Nutrien cashes in with $4.07B sale of lithium stake

Windsor Star - - FP WINDSOR - GABRIEL FRIED­MAN

In a sign of how hot the lithium mar­ket is, Cana­dian fer­til­izer pro­ducer Nutrien Ltd. has sold a 24-per-cent stake in So­ciedad Quim­ica y Min­era de Chile S.A. for US$4.07 bil­lion, at a healthy pre­mium.

The pur­chaser, China’s Tianqi Lithium Corp., agreed to pay US$65 per share for the Chilean pro­ducer, a pre­mium on the US$58 trad­ing price, which sur­prised some an­a­lysts, as an­titrust reg­u­la­tors in China and In­dia had re­quired Nutrien — the com­pany formed by the merger of Potash Corp. of Saskatchewan and Agrium Inc. — to sell its stake in SQM as a con­di­tion of the deal.

“The price seemed good,” said John Chu, an an­a­lyst with Lau­ren­tian Bank Se­cu­ri­ties. “Be­cause Nutrien had given ad­vanced no­tice that they had to sell it, and be­cause it was such a large block of shares, it was thought that they would have to sell it at a dis­count, and they ac­tu­ally sold it at a pre­mium.” Nutrien has said it could use pro­ceeds from the deal as part of its US$1.5 bil­lion share buy­back, for part of its US$8 bil­lion in debt reduction or for other pur­poses. In to­tal, Nutrien owns a 32-per-cent stake in SQM. The cur­rent sale only re­lates to its ap­prox­i­mately 62.5 mil­lion class A shares, rep­re­sent­ing 24 per cent of SQM. It also owns about 20 mil­lion class B shares, rep­re­sent­ing an ad­di­tional eight per cent of the com­pany, which it plans to sell by April 2019 to fur­ther sat­isfy an­titrust reg­u­la­tors, ac­cord­ing to Richard Downey, a spokesman for Nutrien. SQM pro­duces both lithium and potash, and reg­u­la­tors in In­dia and China were con­cerned about Nutrien’s dom­i­nance in the potash mar­ket, he said.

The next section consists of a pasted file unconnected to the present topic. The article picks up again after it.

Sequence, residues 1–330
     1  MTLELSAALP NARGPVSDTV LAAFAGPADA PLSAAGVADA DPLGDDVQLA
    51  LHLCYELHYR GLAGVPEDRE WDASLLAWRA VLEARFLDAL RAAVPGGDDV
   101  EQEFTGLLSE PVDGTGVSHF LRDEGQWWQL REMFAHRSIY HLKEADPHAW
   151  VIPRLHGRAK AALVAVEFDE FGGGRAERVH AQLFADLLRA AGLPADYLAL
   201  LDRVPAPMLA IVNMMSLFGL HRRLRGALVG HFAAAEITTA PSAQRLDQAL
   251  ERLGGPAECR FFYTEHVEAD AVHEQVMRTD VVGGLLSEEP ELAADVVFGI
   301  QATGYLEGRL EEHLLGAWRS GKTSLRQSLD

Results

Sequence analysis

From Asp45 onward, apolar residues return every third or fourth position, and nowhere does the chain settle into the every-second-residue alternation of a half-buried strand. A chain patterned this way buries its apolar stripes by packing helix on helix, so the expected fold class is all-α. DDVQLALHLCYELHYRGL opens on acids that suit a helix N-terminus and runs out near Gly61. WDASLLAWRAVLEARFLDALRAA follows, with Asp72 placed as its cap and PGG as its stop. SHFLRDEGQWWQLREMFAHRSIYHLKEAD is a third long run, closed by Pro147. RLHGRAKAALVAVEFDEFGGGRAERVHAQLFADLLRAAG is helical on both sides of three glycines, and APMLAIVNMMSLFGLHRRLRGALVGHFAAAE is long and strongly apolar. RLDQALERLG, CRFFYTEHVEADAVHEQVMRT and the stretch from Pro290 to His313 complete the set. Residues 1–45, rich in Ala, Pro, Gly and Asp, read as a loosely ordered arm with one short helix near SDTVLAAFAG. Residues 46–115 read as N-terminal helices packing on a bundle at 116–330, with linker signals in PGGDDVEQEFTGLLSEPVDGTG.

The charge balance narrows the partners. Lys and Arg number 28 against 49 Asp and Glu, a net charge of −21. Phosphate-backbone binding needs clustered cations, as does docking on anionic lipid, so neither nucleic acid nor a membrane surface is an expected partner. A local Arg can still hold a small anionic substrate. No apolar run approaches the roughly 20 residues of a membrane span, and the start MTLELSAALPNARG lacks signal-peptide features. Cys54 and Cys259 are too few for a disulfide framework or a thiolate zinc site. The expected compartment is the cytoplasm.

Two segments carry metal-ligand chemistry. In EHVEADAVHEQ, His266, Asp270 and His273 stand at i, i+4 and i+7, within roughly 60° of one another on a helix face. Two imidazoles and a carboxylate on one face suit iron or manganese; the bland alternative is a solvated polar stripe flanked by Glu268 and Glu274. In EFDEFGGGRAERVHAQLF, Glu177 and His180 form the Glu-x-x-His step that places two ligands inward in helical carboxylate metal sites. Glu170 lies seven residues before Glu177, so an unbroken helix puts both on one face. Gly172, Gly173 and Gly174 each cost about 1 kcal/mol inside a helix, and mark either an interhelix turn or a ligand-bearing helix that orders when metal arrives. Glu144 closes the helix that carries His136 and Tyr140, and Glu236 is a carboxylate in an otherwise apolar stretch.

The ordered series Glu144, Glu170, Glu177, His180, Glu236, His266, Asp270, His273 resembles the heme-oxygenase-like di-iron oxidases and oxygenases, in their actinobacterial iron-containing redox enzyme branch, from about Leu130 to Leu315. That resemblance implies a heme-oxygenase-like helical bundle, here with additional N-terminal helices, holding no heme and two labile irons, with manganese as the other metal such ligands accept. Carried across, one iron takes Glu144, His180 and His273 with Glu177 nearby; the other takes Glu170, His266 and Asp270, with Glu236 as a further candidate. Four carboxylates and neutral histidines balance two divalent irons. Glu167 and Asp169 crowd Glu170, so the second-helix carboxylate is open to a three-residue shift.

Tianqi is a ma­jor lithium sup­plier in China and also has a pres­ence in Aus­tralia.

Chile’s for­mer gov­ern­ment in March had tried to block the sale of SQM to Chinese buy­ers over fears it would “give China an un­fair ad­van­tage in se­cur­ing strategic re­sources,” ac­cord­ing to Reuters. SQM is the sec­ond-largest lithium pro­ducer in the world af­ter U.S.-based Albe­marle Corp. Downey dis­missed re­ports that Chilean reg­u­la­tors have raised the an­titrust con­cerns. Although the sale of class A shares come with three board seats in SQM, it is just a mi­nor­ity po­si­tion in the com­pany. He said the com­pany is an­tic­i­pat­ing reg­u­la­tory review only from Chinese and In­dian reg­u­la­tors re­lated to the potash mar­ket.

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